4IP announced a new investment last week:
Everybody has economic transactions with the government, whether outgoing in the form of tax, or incoming in the form of benefits, loans or grants, and in these times of fiscal austerity the project has widespread relevance by making the huge numbers we hear on the news mean something to the individual.
Where Does My Money Go? has the potential to stir things up, not only by challenging government at every level to stand by spending decisions, but also by challenging people to take pride in the financial contribution they make to society.
The Government are busily publishing hitherto secret public data and recently released the COINS database which lists detailed estimated and actual departmental spending under thousands of category headings. It’s a behemoth: 24 millions rows of information that reveal how our taxes are spent.
This is great news for those people interested and members of news and media organisations but in practice the effort required to learn where to look for information and how to interpret it is a barrier to access for the vast majority of us.
Where Does My Money Go? proposes to change this. By identifying, structuring and contextualising available data on government spending, then offering it for customisation both in a raw, standard format and through a user-friendly graphical interface. The Open Knowledge Foundation, the not-for-profit organisation behind the project, aspire to make a chess move forward in spending accountability: from transparency to accessibility.
I am not quite sure what it means to “make a chess move forward”, but the sentiment is clearly the right one. Better still, this is not the only attempt to present and make sense of the data: Rosslyn Analytics [but beware of loud sounds] has very rapidly built a front end to the COINS data, as has has the Guardian. These are all great examples of exactly the sort of thing I had in mind when I was writing last week about the move from data to design, with Where Does My Money Go? having a particular strength in clear visualisation.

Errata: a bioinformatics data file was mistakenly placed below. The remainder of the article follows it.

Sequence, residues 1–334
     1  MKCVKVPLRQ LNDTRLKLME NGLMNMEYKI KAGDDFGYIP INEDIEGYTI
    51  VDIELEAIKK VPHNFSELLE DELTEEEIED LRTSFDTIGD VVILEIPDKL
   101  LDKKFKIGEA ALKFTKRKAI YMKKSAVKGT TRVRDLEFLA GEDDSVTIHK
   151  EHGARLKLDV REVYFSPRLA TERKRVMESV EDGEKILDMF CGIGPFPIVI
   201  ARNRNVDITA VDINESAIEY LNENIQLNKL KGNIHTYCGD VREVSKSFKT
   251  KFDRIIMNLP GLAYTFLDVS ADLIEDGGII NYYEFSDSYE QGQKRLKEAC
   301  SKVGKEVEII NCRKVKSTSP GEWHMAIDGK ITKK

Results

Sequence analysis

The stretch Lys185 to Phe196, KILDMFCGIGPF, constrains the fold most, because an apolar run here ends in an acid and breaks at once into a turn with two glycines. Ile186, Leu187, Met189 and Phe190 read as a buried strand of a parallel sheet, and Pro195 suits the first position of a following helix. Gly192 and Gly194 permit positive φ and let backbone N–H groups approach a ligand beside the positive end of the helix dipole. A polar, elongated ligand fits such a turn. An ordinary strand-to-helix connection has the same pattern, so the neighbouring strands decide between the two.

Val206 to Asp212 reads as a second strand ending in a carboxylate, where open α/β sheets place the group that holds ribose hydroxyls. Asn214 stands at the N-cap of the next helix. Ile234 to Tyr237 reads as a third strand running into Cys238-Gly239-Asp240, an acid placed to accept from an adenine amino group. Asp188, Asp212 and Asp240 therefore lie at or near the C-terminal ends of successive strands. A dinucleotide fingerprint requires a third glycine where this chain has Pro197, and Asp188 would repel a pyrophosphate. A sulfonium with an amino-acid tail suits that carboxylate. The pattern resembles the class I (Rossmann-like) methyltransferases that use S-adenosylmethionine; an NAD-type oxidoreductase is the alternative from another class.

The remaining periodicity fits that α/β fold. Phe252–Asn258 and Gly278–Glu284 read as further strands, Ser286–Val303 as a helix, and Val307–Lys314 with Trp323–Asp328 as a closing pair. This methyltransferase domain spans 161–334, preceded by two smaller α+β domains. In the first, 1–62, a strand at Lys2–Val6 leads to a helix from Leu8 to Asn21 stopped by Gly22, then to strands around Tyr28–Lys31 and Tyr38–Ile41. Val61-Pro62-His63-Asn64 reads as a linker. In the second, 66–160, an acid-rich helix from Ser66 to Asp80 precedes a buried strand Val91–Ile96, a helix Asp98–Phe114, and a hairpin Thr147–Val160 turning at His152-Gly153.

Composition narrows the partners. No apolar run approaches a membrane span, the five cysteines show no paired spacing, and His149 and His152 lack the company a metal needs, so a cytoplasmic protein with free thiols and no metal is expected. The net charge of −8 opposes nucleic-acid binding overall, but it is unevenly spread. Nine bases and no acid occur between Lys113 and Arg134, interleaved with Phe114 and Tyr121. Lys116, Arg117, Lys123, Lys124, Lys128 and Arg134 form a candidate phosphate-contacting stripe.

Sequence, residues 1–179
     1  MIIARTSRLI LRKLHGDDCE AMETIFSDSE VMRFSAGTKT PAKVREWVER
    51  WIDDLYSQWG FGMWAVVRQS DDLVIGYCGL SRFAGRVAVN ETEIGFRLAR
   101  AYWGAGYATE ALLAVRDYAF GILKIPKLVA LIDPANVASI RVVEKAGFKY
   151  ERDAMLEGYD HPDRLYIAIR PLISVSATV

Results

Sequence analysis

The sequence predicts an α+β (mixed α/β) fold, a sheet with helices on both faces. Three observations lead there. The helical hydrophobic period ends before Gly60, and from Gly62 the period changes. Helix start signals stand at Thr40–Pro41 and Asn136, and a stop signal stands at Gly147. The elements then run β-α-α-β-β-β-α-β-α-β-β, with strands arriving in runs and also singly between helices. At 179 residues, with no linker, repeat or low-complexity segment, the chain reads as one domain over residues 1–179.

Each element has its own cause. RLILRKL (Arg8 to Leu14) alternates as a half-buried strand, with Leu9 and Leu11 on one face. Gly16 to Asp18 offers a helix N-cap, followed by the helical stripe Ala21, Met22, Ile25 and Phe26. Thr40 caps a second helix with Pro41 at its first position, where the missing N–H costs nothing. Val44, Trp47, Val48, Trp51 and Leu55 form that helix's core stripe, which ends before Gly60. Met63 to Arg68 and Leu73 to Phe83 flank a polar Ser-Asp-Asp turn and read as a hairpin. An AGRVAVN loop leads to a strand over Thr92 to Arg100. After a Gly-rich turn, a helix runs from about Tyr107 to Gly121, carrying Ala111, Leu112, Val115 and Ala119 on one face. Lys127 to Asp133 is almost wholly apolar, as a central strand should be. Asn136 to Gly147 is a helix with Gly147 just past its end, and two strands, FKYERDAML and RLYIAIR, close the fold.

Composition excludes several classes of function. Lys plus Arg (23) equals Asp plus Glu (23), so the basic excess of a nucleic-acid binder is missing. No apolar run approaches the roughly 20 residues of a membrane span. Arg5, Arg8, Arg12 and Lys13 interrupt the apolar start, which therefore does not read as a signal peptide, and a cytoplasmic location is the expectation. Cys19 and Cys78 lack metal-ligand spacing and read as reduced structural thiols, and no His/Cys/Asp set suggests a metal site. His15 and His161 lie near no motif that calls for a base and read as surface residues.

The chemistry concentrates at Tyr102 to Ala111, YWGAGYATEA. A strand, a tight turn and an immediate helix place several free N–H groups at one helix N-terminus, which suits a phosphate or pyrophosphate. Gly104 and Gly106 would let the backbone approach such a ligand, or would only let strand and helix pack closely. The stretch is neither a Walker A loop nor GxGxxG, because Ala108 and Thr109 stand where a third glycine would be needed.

But at another level, they are an indication of just how far this process has still to go:
- It’s still a thin veneer: It’s fairly straightforward to get a sense of the big comparisons (health and defence, education and our streets), but things get patchy very rapidly. What, for example, does ‘our streets’ cover? Well half of it turns out to be ‘housing’ (not at all the same as streets in my book) and most the of the rest is ‘unknown’. It is still very hard to work out what money is actually being spent on.
- It’s an interpretation: The question of what goes with what, and what it should then be called is necessarily a matter of judgement. There is nothing to be ashamed of in that, it’s completely inevitable, but if the (equally inevitably) arbitrary way that data is structured and reported drives the way that it is interpreted, there is a risk that we are not as much further forward from traditional expenditure reporting as we might like to think. So £4 bn of ‘housing‘ expenditure under ‘our streets’ appears in a completely different place from £0.6bn of spending on ‘housing‘ under ‘helping others’. That difference says more about the responsibilities of different government departments than it does about the fundamental difference between the different ways government contributes to the cost of housing – or does it?
- It’s about inputs: If you work hard with this data, you can get a sense of what government spent money on. But you can’t get much of a sense of what it used the things it bought to do, still less what happened as a result.
That risks sounding like a churlish response to some excellent work, which isn’t my intention at all. On the contrary, it is not only useful in its own right, it helps to show what more is needed – and allows me to repeat the basic point behind this and the previous posts, that all this will be less and less about data and more and more about interpretation, presentation and engagement.